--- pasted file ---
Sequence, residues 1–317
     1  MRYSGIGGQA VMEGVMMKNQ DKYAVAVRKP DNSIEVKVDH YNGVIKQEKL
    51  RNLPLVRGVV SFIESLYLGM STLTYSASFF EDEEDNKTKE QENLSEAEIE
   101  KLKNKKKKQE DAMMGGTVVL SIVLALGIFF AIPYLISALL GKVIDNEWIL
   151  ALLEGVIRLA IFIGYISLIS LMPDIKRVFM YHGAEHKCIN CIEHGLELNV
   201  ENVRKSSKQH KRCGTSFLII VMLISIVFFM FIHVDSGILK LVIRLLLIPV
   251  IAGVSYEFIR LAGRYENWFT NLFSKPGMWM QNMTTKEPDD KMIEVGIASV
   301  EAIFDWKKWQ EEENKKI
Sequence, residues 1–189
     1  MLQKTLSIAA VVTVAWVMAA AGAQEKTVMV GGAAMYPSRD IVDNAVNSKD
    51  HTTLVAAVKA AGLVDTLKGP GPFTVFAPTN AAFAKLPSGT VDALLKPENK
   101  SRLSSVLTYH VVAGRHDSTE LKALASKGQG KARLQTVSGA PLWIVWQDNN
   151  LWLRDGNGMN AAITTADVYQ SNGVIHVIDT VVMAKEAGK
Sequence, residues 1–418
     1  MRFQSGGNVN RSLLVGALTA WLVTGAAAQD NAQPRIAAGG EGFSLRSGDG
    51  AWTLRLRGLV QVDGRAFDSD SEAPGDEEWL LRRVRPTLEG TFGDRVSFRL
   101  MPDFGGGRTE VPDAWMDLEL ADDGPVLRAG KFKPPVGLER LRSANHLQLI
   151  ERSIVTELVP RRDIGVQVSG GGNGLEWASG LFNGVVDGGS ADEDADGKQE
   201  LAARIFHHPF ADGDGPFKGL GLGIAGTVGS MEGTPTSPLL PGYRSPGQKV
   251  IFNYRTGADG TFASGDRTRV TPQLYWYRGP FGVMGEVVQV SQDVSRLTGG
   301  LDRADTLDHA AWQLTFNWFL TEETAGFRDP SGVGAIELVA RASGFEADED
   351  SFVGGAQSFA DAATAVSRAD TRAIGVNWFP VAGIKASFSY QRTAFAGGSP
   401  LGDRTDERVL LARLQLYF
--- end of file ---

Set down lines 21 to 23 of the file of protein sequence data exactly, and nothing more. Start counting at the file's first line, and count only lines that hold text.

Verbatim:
   301  LDRADTLDHA AWQLTFNWFL TEETAGFRDP SGVGAIELVA RASGFEADED
   351  SFVGGAQSFA DAATAVSRAD TRAIGVNWFP VAGIKASFSY QRTAFAGGSP
   401  LGDRTDERVL LARLQLYF